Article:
Access to cancer drugs for private patients ‘incredibly unfair’

Consultant oncologist says inequity between public and private healthcare ‘very troubling’

The drugs VHI has committed to providing wider access to include Pembrolizumab, for stage three melanoma, and Pertuzumab (Perjeta) for patients with early stage breast cancer.  Photograph: Istock

The drugs VHI has committed to providing wider access to include Pembrolizumab, for stage three melanoma, and Pertuzumab (Perjeta) for patients with early stage breast cancer. Photograph: Istock

 

Access to new cancer drugs for some private patients, which are unavailable in the public system, has been described as “incredibly unfair” by the Irish Cancer Society.

In recent weeks private health insurer VHI has written to oncologists stating it was to provide wider access to new preventative cancer drugs.

Prof John Crown, a consultant oncologist in St Vincent’s Hospital, said it was the first time he had seen a clear distinction in access to cancer drugs, between public and private patients.

While the news meant some patients would now have access to the new anti-cancer drugs, the inequity between public and private healthcare was “very troubling”, he said.

“There has always been equal access to cancer drugs,” until now, Prof Crown said.

“I’ll be seeing public and private patients next week, I don’t want to be giving them different news about what’s available to them,” he said.

The drugs VHI has committed to providing wider access to include Pembrolizumab, for stage three melanoma, and Pertuzumab (Perjeta) for patients with early stage breast cancer.

‘Skip the queue’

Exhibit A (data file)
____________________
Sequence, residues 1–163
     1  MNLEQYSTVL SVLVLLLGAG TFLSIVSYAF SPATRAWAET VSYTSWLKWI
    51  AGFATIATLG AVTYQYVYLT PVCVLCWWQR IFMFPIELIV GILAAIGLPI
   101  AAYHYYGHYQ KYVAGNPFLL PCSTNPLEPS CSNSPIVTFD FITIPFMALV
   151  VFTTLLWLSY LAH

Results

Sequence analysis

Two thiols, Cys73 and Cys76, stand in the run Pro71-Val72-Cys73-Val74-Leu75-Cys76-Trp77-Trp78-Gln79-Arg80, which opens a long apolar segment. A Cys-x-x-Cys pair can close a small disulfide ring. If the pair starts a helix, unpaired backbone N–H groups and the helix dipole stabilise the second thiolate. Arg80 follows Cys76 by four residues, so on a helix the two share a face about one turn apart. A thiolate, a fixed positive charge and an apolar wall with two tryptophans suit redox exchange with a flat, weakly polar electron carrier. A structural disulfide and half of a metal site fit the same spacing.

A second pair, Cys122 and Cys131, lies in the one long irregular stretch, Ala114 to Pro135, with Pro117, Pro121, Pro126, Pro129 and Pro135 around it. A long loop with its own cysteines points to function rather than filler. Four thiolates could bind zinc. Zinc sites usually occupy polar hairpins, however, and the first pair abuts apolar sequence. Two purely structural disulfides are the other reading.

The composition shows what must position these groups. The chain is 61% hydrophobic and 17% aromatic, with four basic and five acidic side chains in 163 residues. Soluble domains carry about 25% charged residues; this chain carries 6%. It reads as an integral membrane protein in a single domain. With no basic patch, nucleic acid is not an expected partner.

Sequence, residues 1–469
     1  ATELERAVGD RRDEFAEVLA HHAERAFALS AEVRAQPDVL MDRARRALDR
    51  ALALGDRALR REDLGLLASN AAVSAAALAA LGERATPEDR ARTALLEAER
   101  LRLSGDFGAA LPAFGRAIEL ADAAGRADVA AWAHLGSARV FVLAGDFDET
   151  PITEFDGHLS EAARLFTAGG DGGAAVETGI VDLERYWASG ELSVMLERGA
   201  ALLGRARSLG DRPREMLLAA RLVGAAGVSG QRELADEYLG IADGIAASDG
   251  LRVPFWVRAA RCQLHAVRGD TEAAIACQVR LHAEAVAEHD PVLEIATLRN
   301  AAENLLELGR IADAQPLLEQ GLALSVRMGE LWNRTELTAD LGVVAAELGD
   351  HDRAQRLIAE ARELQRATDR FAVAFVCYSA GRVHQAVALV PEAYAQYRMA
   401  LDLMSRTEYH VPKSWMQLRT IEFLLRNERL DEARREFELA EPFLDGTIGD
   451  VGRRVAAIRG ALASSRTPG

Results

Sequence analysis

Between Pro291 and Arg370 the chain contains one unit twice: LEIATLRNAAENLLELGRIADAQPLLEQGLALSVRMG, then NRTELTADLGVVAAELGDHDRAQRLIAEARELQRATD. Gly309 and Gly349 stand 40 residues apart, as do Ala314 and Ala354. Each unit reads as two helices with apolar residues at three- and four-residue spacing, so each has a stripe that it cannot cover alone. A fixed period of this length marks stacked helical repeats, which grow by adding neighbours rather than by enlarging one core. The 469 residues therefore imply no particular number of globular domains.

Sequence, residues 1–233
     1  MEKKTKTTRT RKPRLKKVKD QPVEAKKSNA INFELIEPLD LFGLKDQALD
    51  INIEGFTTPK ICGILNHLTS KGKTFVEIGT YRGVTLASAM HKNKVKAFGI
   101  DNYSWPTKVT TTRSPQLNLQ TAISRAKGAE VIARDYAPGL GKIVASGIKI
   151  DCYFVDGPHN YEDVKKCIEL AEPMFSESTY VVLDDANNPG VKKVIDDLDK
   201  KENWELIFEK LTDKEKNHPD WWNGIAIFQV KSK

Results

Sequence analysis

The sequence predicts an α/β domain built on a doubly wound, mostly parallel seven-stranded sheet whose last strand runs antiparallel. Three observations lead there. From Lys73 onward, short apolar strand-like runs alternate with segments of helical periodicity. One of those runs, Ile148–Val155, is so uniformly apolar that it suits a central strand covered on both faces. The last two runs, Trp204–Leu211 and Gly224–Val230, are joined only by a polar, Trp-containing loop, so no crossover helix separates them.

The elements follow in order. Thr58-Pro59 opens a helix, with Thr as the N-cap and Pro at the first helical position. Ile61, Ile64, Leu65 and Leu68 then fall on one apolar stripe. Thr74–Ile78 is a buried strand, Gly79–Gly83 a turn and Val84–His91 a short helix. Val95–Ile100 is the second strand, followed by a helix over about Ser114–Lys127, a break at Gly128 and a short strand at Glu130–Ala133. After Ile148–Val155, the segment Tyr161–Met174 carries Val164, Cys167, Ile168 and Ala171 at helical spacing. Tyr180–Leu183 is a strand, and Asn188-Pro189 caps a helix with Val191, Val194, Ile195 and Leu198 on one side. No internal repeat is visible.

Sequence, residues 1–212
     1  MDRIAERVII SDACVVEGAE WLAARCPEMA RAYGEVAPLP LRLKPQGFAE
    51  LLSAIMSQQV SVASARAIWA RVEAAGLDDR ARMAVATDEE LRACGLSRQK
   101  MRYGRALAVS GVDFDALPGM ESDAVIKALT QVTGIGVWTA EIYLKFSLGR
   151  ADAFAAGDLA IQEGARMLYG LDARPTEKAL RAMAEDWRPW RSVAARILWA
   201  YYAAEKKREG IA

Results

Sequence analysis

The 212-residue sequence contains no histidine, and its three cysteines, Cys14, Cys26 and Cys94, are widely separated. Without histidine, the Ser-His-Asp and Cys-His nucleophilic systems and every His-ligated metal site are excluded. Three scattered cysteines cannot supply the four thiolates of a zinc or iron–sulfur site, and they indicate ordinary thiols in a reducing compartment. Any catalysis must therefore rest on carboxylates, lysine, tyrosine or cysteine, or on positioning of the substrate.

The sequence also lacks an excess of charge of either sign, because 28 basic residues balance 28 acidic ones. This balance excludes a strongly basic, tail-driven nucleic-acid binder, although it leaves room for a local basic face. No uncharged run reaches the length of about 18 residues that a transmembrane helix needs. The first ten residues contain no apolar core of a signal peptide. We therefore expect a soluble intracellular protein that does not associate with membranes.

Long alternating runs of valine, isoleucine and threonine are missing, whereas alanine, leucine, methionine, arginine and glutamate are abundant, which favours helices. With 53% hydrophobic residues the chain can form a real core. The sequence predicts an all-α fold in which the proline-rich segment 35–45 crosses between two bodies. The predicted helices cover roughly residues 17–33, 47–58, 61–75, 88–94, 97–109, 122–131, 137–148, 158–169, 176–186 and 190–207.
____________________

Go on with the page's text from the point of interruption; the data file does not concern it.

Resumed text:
Averil Power, chief executive of the Irish Cancer Society, said the charity welcomed the news that more patients would get access to the “innovative new cancer drugs”. However, she added that it was “incredibly unfair others will be denied potentially life-saving medicines just because they don’t have private health insurance”.

“Private patients can already skip the queue for cancer tests. Unless the Government acts now, the same will now be the case for some cancer drugs,” she said.

Before drugs are approved for public patients they must be assessed by the National Centre for Pharmacoeconomics, which provides reports on the cost effectiveness of funding new drug treatments for the Health Service Executive (HSE).

Reimbursement process

Negotiations over the price of reimbursing the drug for public patients would then follow with the pharmaceutical manufacturers.

“These drugs are expensive and don’t work for everyone but can be of huge benefit to some patients,” Ms Power said.

“Where there is strong evidence an innovative drug will work for a particular person, their doctor should be able to give it to them, regardless of whether they are a public or private patient,” she said.

In a statement, a HSE spokeswoman said there was a “very clear process” for assessing which new drugs the health service commits to fund for patients, which was under way in relation to the anti-cancer drugs in question.

“The pharmaceutical companies involved continue to provide additional clinical and cost information in order to assist in reaching final decisions for the State, on access and cost effectiveness for these drug applications over the coming months,” the spokeswoman said.

“The usual pattern up to now is for the health insurers to follow the public service reimbursement process,” she said. However, “one insurer appears now to have decided to proceed in advance of the other insurers, including the State,” the spokeswoman said.